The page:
In memory of 'Seba' Vassalli, the most Manzonian of anti-Manzonianists. A writer who, if you try to reread him, resembles a quality Piedmontese red, a wine that you uncork, leave to breathe, pour, taste, and discover that, almost ten years after his death, retains the same strong, rough taste and in some ways, on the palate, improves. Sebastiano Vassalli was a 'troublesome' writer; in appearance, he resembled Paolo Conte, they both had/have the same roguish air, the same sad and humorous look, the same Piedmont-esque air, they were/are both fantastic lyricists, though of course they were/are a very rare breed. 'Seba' seemed to be the heir to Alessandro Manzoni, although in reality there was more that divided them than united them.
'Seba' seemed to be the heir to Alessandro Manzoni, although in reality there was more that divided them than united them.
Novelist and columnist, nominated for the Nobel Prize for Literature in 2015, awarded posthumously the Campiello Prize for Lifetime Achievement in September 2015, Vassalli was fundamentally a skeptic. Against Manzoni's stainless and providential faith, he pitted an absolute nihilism, without illusions. His only faith rested in words, in the power of the word, which then is what he derived from his craft: the power to create.
This was his only lifeline, capable of opposing the nothingness of the real in which human stories dissolve without a trace. For him, words, writing were an antidote to the disorder, to the chaos of the Water Lands, the rice fields of Novara, his adopted homeland, from which in the midst of the fog, nothingness flows: a landscape drawn by water, a “vaporous plain,” at the foot of Monte Rosa, in which the sky and the earth blur to become an indistinct whole.
Born in Genoa in 1941, Vassalli had a troubled, difficult childhood: first at a boarding school, then in Novara at the home of two spinster aunts; constantly fleeing from his parents, with whom he never felt attuned, in conflict with his father, whom he considered a “no-good” fascist, “always taking the wrong side.”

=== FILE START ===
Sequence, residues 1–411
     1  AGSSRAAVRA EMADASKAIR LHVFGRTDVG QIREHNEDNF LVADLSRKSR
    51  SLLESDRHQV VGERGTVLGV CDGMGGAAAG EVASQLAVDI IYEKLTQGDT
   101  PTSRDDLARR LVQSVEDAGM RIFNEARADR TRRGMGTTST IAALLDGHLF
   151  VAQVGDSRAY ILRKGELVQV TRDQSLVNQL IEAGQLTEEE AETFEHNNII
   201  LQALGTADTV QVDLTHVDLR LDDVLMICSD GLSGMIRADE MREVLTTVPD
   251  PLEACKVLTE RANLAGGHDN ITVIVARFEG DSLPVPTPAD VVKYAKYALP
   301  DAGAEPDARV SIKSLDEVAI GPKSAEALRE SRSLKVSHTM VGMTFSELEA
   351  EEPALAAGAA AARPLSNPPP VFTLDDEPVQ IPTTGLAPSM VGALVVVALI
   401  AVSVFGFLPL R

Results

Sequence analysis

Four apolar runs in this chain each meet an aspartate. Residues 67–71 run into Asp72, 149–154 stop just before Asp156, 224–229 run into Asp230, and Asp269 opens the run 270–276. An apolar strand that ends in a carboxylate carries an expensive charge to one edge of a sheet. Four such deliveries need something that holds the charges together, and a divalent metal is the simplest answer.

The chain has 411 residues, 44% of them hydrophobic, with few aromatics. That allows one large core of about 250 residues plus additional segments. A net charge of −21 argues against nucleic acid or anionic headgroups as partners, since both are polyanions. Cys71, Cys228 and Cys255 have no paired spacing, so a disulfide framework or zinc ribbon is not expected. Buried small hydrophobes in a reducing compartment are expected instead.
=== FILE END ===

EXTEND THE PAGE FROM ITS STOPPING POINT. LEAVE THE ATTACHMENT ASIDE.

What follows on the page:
He graduated in Milan, which attracted him back in the early 1960s because of its character as a modern city, open to the most unconventional avant-garde. There, before devoting himself to writing, the “craft of Homer,” as he called it, he worked several jobs: painter, librarian, delivery man, substitute teacher. Whilst teaching at a high school in Novara, he met Edoardo Sanguineti in Turin, with whom he forged a long literary association that propelled him into the neo-avant-garde of the 1960s. He established solid ties with the Gruppo 63, later moving away towards historical novels, and his literary efforts culminated in the 1990 publication with Einaudi of his masterpiece La Chimera, the novel with which he won the Strega Prize, officially recognized as a great writer by that same literary ‘academy’ against which in 1983, in an impassioned indictment, he launched an attack on what he called the consortia of power, calling them the “confraternities of Italian non-poets.”
As he wrote in his autobiography in the form of an interview, whose title Un Nulla pieno di storie (A Nothing Full of Stories) expresses better than many definitions the tone of his lifestyle and life as a writer, Vassalli had an obsession with history, with memory, which fueled his interest in the past, his nostalgia, his civic passion for the morality of the weak, the losers, the cowardly, the resentful against life.
Vassalli did not try to understand, he knew that the world moves as it likes and not as we would like it to. It is like the Church that remains what it is, unreformable, something that not even those of great strength of spirit, such as Carlo Bascapè – the main character in Chimera, the bishop of Novara, a great moralist, of rare fortitude, a reformist-integralist, a pupil of Cardinal Borromeo, belonging to the faction of the enemies of the clergy – are able to budge. And this is for the simple reason that the true God does not exist, or has withdrawn from human affairs. On the other hand, for centuries, faith has served to kill in the name of God.